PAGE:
Every now and then someone blogs a clever way to turn affiliate links into SEO friendly links and the post always gets some attention. In my experience, though, you might not want to do this.
The reason for wanting your affiliates to generate SEO friendly links is obvious. Google rewards links. Affiliates link to you. However, the tracking mechanisms used to monitor and credit affiliates typically redirect through servers (almost always using a 302 redirect rather than a 301) and this tends to dampen any SEO benefit.
These days it isn’t just the presence of the 302 redirect that Google and the other search engines might react to, though. Search engines don’t want to let commercial links influence the search rankings.
I have no special access to Google’s secret sauce but my own tinkering suggests that Google’s very happy to recognise a well known affiliate tracking domain and treat it has such. It’s just the same as Google recognising common ad delivery networks and making sure not to credit those links as editorial recommendations either.
There are a number of ways sites can go about tracking affiliates without the usual tracking redirects.
A commonly discussed technique is moving the tracking values to the URL and picking symbols that Google tends to ignore. The hash symbol (#) is the usual suspect here. This lets affiliates link directly to merchants.
Another, less popular because it is less accurate, is to look at the HTTP referrer of any incoming traffic. If the header suggests the visitor came from a listed affiliate site than a first party tracking cookie can be dropped.
Both these scenarios tend to involve the merchant deploying their own affiliate tracking solution. It’s not as handy as having a network take care of the payments to thousands of affiliates.
Another reason why not to try and be too clever with your affiliate links by trying to improve your SEO is that you may harm your SEO. I’ve seen one site absolutely murder their SEO just because of this gambit.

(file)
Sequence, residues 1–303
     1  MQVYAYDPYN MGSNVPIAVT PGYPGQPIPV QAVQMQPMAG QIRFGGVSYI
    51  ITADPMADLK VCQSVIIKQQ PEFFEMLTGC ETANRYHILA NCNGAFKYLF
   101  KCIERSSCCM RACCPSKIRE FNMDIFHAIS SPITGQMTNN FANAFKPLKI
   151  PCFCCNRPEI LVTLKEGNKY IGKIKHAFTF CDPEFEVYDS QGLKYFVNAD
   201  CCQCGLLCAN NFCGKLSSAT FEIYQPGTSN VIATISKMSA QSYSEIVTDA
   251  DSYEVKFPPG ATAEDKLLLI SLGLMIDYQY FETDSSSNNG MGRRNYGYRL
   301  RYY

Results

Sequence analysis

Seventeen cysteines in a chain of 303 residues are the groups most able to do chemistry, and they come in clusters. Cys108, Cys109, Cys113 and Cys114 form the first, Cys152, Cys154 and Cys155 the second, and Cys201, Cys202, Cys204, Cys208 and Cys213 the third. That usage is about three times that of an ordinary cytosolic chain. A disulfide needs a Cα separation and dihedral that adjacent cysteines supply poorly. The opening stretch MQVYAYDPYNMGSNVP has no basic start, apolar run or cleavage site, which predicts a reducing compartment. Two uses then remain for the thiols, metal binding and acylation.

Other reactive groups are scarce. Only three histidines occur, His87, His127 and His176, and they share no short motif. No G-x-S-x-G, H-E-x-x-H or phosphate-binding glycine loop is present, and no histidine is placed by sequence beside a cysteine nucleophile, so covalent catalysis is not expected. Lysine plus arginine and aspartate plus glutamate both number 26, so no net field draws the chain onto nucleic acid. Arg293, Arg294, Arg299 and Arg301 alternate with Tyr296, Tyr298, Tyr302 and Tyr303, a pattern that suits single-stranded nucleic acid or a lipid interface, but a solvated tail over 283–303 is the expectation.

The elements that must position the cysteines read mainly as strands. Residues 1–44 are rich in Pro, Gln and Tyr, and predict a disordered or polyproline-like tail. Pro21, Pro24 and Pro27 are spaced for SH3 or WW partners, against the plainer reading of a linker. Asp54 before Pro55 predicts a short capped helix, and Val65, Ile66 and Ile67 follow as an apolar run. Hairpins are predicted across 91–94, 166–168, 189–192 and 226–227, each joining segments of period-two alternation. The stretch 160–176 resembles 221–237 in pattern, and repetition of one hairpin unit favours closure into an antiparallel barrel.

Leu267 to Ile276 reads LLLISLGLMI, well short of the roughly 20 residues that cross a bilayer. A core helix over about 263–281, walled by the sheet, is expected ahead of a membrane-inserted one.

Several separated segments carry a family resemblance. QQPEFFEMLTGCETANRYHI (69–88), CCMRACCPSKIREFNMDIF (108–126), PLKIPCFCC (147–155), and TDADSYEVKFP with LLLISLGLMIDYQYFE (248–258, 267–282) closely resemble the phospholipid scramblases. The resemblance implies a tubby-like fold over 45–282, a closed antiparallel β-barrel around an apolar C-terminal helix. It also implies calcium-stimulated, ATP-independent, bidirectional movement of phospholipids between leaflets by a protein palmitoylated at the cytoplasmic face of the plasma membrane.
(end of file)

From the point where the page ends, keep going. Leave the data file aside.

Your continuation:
The site in question, a large tour operator based in Asia, moved to the HTTP referrer model. The result was that their few, good quality, trusted inbound links dropped from being about 70% of their total inbound links to less than 1%.
All of a sudden, the tour operator found themselves “recommended” by a host of low quality blogs, half-penny travel portals and worse. It’s not surprising Google took one look at the web of related links around the site and downgraded it from “master of niche” to “yet another overly aggressive travel site”.
There’s also the significant risk of links being generated too quickly once a site flips over to a so-called “SEO friendly” affiliate scheme.
Here’s what a Google authored patent application says on link speed.
"The dates that links appear can also be used to detect "spam," where owners of documents or their colleagues create links to their own document for the purpose of boosting the score assigned by a search engine. A typical, "legitimate" document attracts back links slowly. A large spike in the quantity of back links may signal a topical phenomenon (e.g., the CDC web site may develop many links quickly after an outbreak, such as SARS), or signal attempts to spam a search engine (to obtain a higher ranking and, thus, better placement in search results) by exchanging links, purchasing links, or gaining links from documents without editorial discretion on making links. Examples of documents that give links without editorial discretion include guest books, referrer logs, and "free for all" pages that let anyone add a link to a document."
(US Patent Application: 20050071741)
The great benefit of having affiliate links come in via the redirect tracker is that Google is less likely to mistake them from spam. The redirects act as a safety buffer even if the affiliate campaign is so successful that thousands of new links appear of blogs and affiliate sites over the weekend.
Ultimately, you can get great synergies between your affiliate and search campaigns. Affiliates should be part of your search campaign but not in this way. Any cunning rouse designed to try and trick Google is likely to be risky and, at best, more of a tactic and less of a strategy.
(Image credit Augen.Blicke)